On February 2, 2017, the Honorable Vivian L. Mednilla of the Superior Court of the State of Delaware, ruled that a manufacturer/supplier of asbestos containing component parts (i.e. paper), used by its customer (i.e. pipe manufacturer), does not owe a duty to warn the spouse of the customer’s employee as no special relationship exists between the supplier/manufacturer and the spouse. Ramsey v. The Georgia Southern University Advanced Development Center (Herty Foundation), CA N14C-01-287 ASB (Del. Super. J. Mednilla, Feb. 2, 2017). In so holding, the court agreed that the failure to warn is a claim of “non-feasance” and under Delaware law, a special relationship must exist between the defendant and plaintiff to establish the existence of a duty. Finding no special relationship between the manufacturer/supplier and the “take-home exposed” spouse, summary judgment was granted. The Judge, in accepting the defendants argument, expressed that the ruling is a logical extension of existing Delaware law which holds that an employer/premises owners and employer contractors owe no duty to warn spouses of their own employees on the basis that no special relationship existed between the employer/premises owner and spouse.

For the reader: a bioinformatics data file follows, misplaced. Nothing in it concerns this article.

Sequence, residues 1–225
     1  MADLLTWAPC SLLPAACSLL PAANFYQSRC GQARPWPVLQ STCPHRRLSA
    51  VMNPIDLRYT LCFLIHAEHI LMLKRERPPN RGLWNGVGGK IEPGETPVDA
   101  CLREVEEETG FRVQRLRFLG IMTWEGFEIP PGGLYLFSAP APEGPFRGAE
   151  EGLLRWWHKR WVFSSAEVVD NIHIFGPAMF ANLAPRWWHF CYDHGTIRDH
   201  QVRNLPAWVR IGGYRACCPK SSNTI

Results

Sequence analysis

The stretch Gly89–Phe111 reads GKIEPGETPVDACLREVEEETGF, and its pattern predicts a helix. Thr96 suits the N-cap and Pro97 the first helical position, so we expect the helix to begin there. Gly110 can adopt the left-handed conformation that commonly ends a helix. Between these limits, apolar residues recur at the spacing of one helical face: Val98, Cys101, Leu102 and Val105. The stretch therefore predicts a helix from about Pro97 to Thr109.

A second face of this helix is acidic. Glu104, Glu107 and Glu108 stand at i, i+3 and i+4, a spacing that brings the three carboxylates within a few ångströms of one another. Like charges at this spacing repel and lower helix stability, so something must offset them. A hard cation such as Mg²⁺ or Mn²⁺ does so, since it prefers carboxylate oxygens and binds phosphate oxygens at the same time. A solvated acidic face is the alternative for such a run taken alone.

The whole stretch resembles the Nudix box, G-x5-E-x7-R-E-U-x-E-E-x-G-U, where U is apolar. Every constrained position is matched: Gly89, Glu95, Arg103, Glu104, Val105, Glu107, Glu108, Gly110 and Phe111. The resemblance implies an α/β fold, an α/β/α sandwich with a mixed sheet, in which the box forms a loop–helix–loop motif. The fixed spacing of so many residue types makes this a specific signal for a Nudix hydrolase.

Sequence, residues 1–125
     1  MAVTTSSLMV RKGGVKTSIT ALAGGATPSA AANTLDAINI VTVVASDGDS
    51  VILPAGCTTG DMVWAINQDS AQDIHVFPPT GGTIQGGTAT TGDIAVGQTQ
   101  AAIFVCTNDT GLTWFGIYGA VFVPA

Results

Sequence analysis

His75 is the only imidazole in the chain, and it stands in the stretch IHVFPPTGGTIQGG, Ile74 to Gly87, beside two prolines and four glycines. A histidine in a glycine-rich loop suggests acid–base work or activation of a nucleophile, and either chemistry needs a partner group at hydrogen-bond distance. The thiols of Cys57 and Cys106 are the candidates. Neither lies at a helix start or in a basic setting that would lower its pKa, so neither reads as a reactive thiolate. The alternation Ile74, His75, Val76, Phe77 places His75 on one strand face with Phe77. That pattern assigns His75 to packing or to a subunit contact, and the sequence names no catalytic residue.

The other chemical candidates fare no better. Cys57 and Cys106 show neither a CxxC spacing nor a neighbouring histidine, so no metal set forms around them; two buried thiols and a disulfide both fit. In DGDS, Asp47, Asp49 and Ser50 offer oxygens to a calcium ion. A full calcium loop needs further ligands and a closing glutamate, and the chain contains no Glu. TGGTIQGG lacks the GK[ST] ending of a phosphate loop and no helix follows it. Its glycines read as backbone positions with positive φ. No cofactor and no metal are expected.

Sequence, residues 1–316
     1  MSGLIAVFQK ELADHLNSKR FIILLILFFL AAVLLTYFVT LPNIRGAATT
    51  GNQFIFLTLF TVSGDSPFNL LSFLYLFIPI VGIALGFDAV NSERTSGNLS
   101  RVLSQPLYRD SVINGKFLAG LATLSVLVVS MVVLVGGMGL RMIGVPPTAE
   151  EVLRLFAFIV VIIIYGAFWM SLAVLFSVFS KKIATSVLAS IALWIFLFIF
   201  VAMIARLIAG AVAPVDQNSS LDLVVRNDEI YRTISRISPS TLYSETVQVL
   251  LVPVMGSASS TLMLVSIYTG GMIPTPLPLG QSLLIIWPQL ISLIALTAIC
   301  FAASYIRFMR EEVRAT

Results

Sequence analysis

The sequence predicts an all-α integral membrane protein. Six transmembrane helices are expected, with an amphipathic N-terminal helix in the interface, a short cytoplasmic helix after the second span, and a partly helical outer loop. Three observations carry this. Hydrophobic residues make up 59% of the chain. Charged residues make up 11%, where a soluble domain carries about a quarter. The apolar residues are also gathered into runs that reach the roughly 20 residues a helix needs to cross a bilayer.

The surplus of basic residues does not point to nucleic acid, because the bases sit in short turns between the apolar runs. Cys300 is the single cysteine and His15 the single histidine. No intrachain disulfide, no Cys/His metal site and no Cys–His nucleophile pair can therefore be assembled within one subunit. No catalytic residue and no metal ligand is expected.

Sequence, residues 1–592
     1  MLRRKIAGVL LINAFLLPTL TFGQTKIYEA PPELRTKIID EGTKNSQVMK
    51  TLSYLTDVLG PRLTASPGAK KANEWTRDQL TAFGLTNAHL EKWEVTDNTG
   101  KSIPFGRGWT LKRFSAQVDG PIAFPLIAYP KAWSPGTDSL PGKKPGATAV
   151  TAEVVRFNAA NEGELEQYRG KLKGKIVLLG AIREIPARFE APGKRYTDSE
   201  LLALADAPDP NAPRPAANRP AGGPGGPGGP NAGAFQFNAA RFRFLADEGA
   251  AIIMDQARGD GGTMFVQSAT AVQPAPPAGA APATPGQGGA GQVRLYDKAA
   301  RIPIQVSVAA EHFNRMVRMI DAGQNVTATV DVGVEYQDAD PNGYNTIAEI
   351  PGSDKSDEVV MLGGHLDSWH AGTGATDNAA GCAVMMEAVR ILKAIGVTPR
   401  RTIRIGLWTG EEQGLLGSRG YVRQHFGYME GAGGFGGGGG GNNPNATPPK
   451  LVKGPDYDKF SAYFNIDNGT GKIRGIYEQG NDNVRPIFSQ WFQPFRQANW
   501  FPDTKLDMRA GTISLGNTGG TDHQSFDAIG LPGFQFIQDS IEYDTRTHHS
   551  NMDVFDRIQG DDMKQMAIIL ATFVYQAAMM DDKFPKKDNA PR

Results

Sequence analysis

The case was presented by the Marks, O’Neill asbestos team in our Delaware office.